Lee and I saw May one more time in January as 2019 kicked off with much promise.
I performed some more maintenance. May set the record for NOT being able to change a lightbulb. I replaced 19 of them. Not making that up.
I documented the damage done by the Brothers of Destruction, and it gave me pause, though we were planning on renewing the lease for at least one more year. We could keep the house on the rental market for three years and I wanted to give May as much stability in her life as possible.
And 2019 sped along very nicely. I even got a literary agent for my non-fiction book, Try Not to Annoy the Kangaroo: 35 Years Putting Up with Creative People in the Film Industry. And Lee and I went to Vienna in May for the Ball Season, something that had been on our bucket list for decades.
And then Elaine, the rental agent, called while I was working out in my apartment building’s gym. I saw the name pop up on my iPhone, which had been playing ‘Jumparound’ while I forced myself through the daily 150 sit-up routine.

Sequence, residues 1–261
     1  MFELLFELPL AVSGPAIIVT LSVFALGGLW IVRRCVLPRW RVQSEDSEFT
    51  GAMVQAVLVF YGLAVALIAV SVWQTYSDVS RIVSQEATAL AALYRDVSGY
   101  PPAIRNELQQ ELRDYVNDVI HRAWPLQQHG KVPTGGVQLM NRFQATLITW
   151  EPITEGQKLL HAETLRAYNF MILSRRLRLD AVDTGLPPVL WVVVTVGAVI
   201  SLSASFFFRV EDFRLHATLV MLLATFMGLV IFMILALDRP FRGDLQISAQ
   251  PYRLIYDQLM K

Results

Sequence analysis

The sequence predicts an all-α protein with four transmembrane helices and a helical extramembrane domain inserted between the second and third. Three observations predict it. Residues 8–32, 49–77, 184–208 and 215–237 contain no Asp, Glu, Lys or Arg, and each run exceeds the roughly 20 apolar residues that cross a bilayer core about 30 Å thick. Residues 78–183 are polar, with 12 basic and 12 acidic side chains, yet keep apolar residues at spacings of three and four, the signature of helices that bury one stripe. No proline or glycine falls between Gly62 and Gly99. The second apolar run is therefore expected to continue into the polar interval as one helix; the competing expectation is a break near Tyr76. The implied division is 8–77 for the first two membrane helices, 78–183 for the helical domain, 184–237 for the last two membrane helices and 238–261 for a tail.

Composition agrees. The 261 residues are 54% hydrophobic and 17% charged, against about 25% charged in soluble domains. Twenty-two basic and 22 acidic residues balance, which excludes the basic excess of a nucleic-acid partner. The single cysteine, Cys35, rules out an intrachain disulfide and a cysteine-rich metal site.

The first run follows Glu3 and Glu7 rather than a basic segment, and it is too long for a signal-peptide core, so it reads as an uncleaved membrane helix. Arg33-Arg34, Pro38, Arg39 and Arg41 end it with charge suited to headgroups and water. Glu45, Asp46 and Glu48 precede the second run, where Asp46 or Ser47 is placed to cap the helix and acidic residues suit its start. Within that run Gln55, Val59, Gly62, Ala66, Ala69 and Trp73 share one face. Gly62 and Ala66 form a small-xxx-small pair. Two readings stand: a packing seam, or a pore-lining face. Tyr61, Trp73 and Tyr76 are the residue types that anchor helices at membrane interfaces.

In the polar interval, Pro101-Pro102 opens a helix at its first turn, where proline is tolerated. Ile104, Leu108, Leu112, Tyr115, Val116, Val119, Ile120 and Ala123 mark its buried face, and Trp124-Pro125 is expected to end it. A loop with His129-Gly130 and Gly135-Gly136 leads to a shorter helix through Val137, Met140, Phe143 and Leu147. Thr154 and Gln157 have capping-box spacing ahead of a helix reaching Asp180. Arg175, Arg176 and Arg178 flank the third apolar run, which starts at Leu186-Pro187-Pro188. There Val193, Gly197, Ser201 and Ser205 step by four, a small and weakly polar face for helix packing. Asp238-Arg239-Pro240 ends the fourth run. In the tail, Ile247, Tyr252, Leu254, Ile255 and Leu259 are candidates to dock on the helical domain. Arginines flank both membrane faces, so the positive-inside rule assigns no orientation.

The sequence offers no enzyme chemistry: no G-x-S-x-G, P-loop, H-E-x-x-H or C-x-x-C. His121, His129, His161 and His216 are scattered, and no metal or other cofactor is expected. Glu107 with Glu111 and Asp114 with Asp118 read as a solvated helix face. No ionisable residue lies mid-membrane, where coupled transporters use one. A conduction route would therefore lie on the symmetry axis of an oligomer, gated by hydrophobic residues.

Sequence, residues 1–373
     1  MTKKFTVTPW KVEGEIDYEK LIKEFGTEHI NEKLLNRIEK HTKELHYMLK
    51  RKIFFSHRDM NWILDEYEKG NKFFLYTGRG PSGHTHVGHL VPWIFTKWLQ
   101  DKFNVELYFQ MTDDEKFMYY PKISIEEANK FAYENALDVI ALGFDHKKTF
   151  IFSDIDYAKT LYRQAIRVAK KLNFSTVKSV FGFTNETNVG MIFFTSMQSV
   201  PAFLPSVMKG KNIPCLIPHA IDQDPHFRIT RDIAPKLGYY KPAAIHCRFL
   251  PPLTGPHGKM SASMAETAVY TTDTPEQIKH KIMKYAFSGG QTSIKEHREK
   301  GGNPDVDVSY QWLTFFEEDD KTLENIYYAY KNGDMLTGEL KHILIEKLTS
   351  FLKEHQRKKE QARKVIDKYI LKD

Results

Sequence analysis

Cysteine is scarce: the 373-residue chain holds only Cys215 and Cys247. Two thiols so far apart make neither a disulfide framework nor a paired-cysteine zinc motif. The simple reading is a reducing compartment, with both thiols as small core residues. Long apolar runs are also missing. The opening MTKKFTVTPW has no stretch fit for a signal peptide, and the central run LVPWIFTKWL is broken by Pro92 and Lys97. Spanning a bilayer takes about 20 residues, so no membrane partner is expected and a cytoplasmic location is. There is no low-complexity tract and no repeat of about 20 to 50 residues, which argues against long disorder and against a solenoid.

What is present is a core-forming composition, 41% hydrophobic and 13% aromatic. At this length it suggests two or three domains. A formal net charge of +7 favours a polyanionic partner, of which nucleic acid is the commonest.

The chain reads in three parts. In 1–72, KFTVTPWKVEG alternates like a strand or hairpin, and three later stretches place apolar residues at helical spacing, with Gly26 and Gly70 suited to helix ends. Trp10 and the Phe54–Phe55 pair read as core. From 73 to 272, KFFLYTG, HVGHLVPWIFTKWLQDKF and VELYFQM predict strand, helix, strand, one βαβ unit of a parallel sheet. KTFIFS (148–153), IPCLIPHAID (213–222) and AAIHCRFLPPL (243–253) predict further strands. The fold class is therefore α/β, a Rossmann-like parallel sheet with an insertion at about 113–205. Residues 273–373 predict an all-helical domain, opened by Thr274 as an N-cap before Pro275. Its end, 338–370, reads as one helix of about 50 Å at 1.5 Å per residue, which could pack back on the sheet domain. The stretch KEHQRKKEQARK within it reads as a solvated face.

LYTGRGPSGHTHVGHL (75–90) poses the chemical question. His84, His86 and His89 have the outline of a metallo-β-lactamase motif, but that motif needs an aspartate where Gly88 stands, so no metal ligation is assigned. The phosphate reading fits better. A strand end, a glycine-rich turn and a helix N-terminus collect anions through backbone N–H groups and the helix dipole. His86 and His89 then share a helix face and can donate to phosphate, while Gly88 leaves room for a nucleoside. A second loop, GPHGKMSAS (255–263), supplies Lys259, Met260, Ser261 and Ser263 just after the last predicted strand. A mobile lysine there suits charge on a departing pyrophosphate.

I sent it to voice-mail. She had to be calling about renewing the lease, coming due in three months and Elaine would be in line for another commission check. May wasn’t inside the house for more than an hour back in June, when Elaine showed up and asked for the money. It was the most punctual and enthusiastic she’d been the whole time we had to deal with her.
Back in the apartment, I checked my messages.
“George, this is Elaine. Have you heard from anyone from May’s family? Call me when you have time.”
That didn’t sound good. I dialed Elaine’s number.
“This is Elaine.”
“Hi, it’s George Young returning your call. Please don’t tell me anything bad.”
“I take it no one from May’s family has contacted you?”
A long pause on the line, eclipsing any nine month gestation period.
“May died in the house last week.”
“I’m almost positive you wouldn’t make that up.”
Another long pause on the line, eclipsing any nine month gestation period.
Elaine filled in the details. May had been found by the nanny and one of the twins. The estranged husband had been notified and he went to the house to get the boys, the dog, the nanny, and who knows what else. Her family was in town for a memorial service. His family was already loading their muskets with lead shot and getting ready for the siege.
The next couple of weeks would put the Montagues and the Capulets to shame, particularly the
Montagues. No wonder Romeo killed himself.